Tuesday, May 14, 2013

UK Government Fails to Find A better way to prevent child abuse

New research at The University of Nottingham is calling for changes to a government scheme which engages community nurses in the prevention of child abuse and neglect in the home as part of a maternal and child health care programme.

The study, published online by the Journal of Public Health, has found that despite being set up to help reduce the numbers of child abuse cases, the £10 million Family Nurse Partnership will only be able to tackle around 10% of families involved in child maltreatment.

And, the researchers say, by using different, less common risk factors to identify vulnerable children, the scheme could reach three times the number of abusive families using a similar number of health visitors.

The research was carried out by Professor Kevin Browne, Professor of Forensic Psychology and Child Health, and Vicki Jackson, Lecturer in Forensic Psychology, at the University's Centre for Forensic and Family Psychology.

Professor Browne said: "The claims made about FNP to reduce child maltreatment in England have been over exaggerated.

Careful consideration needs to be given to other prevention programmes that are tailored to the needs and vulnerabilities of the family".

The Family Nurse Partnership (FNP) was an American idea adopted by the past two UK governments who invested £10 million in a pilot scheme in ten areas of England.

It was a response to the increasing numbers of children being maltreated or neglected. A year ago nearly 170,000 children in England were registered as 'children in need' because of abuse or neglect.

The scheme is designed to offer disadvantaged new parents tailored help and support from a specialist nurse in the home in the weeks and months after childbirth.

The aim has been to give many more vulnerable children across the country a better start in life and to teach new parents the skills to cope with parenthood and childrearing.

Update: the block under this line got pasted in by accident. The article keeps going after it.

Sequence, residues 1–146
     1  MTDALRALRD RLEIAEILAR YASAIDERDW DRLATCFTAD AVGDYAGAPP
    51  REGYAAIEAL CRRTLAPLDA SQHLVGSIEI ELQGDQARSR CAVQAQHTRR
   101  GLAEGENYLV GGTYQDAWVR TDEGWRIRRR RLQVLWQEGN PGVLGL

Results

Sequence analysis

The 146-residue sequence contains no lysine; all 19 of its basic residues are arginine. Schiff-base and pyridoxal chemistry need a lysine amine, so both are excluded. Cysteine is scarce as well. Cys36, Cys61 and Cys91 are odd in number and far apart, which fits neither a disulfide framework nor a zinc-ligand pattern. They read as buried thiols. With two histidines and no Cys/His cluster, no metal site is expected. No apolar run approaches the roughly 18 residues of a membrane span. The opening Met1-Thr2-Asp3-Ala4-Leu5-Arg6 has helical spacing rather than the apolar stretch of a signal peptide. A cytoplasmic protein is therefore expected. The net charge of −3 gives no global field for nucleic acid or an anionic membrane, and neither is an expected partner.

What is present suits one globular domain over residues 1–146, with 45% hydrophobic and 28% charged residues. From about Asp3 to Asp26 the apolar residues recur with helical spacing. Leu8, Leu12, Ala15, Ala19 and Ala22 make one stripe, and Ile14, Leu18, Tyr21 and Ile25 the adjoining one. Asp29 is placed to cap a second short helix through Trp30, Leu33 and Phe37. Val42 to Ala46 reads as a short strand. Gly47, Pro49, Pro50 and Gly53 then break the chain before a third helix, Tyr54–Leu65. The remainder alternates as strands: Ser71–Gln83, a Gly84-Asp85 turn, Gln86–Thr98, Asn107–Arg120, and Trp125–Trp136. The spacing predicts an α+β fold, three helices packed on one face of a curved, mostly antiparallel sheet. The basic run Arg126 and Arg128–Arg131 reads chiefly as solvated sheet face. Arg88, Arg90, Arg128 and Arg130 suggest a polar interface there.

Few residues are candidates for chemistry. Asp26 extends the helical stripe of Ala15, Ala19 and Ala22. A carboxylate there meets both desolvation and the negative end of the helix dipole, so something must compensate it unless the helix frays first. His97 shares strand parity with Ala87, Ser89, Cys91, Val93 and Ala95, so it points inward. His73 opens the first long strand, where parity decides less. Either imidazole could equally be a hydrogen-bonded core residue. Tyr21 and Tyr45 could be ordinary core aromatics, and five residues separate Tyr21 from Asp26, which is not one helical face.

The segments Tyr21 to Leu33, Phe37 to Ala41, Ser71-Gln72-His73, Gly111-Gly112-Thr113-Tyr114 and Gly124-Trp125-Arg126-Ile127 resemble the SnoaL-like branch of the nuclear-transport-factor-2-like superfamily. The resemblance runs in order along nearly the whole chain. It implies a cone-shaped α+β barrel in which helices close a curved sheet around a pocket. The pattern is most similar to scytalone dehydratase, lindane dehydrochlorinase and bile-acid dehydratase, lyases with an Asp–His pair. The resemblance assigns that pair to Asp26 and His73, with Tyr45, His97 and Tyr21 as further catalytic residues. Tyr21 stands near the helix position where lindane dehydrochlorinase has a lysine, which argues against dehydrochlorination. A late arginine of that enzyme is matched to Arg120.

The Government recently published a national review on health visiting and families at risk, as well as revisions in primary health-care services to promote child health and welfare.

The report, Early Intervention: The Next Steps, authored by Nottingham North MP Graham Allen, acknowledged that a proactive approach is crucial to the prevention of child abuse and neglect.

He championed the use of the American-style FNP on the basis that in the States there was evidence to suggest that it leads to a reduction in child abuse and neglect and improves outcomes for children in vulnerable families.

Professor Browne added: "It is vital that families with a history of domestic violence are not ignored by health professionals as it regularly presents the highest relative risk for child maltreatment. It is also cited in 46% of child abuse and neglect referrals to police child protection units."

More information: The paper, Community Intervention to Prevent Child Maltreatment in England: Evaluating the Contribution of the Family Nurse Partnership by Professor Kevin Browne and Dr Vicki Jackson, is available online on the website of the Journal of Public Health.

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